Louis Schechter had a what-the-heck moment when he opened his property-tax bill. Why did it go up when his assessed value was down?
"I appealed my assessment and the city did lower it from $244,000 to $154,800, which is much more in line," he wrote in an email. "However, last year I had a city credit of $2875, but this year I only got a credit of $629. The proportions are way off, and I can't find the formula as to how they calculate the credit."
This question pops up every July as tax bills arrive -- at least since the market went from boom to bust. The answer in Schechter's case, and in every other "bill up, assessment down" situation I've seen, is that this is the way the homestead property tax credit works.
In fact, I wrote about this last July, so I'm going to reuse the explanation (ever-so-slightly tweaked) rather than typing up a nearly identical version from scratch. (But not for the entire rest of the post. Scroll down to the bottom for information on what to do if you can't afford your bill.)
The homestead credit caps your bill by preventing your taxable assessment -- the amount of your property assessment you're actually taxed on -- from increasing more than a certain percent each year. That ranges by jurisdiction in Maryland from zero to 10 percent. In Baltimore and Baltimore County, it's 4 percent.
As long as the tax rate doesn't change, that effectively caps the increase in your tax bill by the same amount.
But here's the rub: Say you bought a city home in 2000 when its assessed value was $100,000 and watched the value skyrocket to $200,000 in 2005. Now the assessors say it's worth $170,000. Will you see a tax decrease? No. Because you're only paying on about $160,000 of that value -- $100,000 increased by 4 percent each year through 2012.
And if tax rates stay unchanged, you'll keep paying 4 percent more a year until you catch up with your full assessed value, either by dint of time, more property-value drops or both.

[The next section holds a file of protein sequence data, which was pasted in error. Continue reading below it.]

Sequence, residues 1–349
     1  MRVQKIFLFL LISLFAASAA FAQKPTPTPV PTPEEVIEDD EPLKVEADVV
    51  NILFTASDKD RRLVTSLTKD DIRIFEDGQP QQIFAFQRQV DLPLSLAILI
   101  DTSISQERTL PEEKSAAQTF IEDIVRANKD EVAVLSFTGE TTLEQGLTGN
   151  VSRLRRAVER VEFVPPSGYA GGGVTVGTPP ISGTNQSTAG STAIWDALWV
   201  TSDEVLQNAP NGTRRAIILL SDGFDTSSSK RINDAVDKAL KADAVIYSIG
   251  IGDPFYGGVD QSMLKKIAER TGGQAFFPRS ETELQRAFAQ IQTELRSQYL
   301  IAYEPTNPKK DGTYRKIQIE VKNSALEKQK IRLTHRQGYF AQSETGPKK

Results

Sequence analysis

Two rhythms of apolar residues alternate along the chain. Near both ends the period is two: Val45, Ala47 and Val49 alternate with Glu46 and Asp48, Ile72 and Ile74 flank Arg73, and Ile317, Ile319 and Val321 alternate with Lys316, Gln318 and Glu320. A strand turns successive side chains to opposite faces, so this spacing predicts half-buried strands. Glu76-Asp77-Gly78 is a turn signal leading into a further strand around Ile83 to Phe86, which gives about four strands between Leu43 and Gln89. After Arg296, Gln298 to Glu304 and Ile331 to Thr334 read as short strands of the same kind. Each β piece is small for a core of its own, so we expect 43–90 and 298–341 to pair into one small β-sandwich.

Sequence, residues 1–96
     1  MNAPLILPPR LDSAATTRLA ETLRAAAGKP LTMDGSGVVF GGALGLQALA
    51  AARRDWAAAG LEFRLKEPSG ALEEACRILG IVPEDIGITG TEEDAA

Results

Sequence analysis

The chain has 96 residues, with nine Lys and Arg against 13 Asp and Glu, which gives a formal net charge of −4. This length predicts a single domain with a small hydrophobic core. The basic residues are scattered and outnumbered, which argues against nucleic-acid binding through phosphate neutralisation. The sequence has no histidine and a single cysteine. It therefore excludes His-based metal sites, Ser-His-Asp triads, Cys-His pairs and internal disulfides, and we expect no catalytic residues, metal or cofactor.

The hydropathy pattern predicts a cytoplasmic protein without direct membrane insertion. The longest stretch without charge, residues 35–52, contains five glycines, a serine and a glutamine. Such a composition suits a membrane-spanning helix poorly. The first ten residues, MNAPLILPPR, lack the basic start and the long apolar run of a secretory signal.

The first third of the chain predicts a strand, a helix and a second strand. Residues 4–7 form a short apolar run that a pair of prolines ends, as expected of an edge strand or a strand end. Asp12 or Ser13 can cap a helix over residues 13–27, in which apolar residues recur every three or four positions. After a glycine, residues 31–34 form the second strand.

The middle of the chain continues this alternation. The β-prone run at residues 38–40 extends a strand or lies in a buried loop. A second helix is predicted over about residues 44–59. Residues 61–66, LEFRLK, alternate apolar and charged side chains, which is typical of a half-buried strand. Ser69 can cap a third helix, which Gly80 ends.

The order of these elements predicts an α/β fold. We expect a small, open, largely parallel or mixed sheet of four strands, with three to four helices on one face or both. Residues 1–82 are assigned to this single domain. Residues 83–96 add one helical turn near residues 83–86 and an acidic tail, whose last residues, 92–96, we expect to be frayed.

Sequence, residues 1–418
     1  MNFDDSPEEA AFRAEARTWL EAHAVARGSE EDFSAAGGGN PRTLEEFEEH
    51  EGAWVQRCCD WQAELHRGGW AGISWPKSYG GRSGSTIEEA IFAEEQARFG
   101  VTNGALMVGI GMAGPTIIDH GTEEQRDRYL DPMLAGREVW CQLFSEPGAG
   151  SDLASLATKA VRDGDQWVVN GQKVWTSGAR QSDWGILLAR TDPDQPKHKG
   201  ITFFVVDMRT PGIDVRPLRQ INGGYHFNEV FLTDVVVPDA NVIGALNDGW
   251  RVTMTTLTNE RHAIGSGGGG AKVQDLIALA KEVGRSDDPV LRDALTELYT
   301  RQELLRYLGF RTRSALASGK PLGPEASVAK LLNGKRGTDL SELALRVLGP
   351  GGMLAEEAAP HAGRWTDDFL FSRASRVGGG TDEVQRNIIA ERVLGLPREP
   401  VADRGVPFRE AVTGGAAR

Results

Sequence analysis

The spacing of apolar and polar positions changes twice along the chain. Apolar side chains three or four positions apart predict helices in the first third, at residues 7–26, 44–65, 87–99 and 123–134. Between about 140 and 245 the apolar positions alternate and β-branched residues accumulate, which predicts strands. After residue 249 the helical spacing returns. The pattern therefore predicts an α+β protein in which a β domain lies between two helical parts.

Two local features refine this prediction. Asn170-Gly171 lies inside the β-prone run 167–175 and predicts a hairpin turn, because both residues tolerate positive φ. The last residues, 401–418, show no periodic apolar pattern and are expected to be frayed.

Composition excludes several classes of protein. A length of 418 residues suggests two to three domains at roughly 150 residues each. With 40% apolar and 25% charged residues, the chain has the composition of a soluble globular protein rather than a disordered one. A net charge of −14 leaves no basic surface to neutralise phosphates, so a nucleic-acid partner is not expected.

That's not the only homestead-credit complexity that confuses the heck out of people.
New buyers who move in partway through the fiscal year -- which runs July 1 through June 30 -- pay taxes for that partial year as if they were the previous owner, inheriting that person's homestead credit if there was one. So it's not unusual for a new homeowner's taxes to jump a lot on his or her first July 1 in the property. That homeowner won't be eligible for the homestead tax break until the following July.
Also, keep in mind that big renovations can affect your tax bill even if you have the homestead credit. That's another "whaaa?" moment for homeowners.
Ah, that was a refreshing trip one year back in time. Welcome once more to July 2012.
I checked out Schechter's bills, and the increase in property tax was exactly what I expected based on how the homestead program works.
What makes this extra confusing is the bills, at least the ones online, don't tell you the amount of assessment you're paying on after credits -- just your total assessment. So you'll need to break out the calculator if you want to verify that everything is accurate.
But it's worth doing. Because sometimes the bill is wrong. Another homeowner whose assessment hadn't changed saw her taxes rise last year because her homestead credit was taken away by mistake.
Here's how to calculate whether your homestead credit amount makes sense. Look at your city (or county) tax amount -- not the tally that includes state tax -- and subtract your city (or county) homestead credit, if you're not already looking at the net.
Next, multiply by 100 and divide by your jurisdiction's tax rate, which should be on the bill. (Last year's rates by jurisdiction are here). It's 2.268 in Baltimore.
Voila: You have the amount of assessed value you're actually paying taxes on.
Repeat the process for last tax year.
If you received a homestead credit on both bills, the difference between last year and this year should be 4 percent -- if you're in the city or Baltimore County, that is, since both places set their homestead cap at 4 percent. Here's the list of caps by jurisdiction.
If the math doesn't work out and you're sure you calculated it right, that's when you might try calling the state Department of Assessments and Taxation to see what's up.
Knowing how much of your assessed value you're actually paying taxes on is also helpful if you're thinking of appealing that assessment. Then you'll know the amount you'll need to drop below to see a tax drop, too. More here on the various sorts of appeal options.
By the way: Don't forget to apply for the homestead credit on your primary residence if you haven't already. You've been grandfathered in if you've owned your home for years, but you'll lose it starting next tax year if you don't beat the Dec. 31 deadline.
If you can't afford your bill, see if you qualify for a different tax break -- the homeowners' property tax credit for low- and moderate-income owners. The deadline to apply is Sept. 1. The application must be made annually.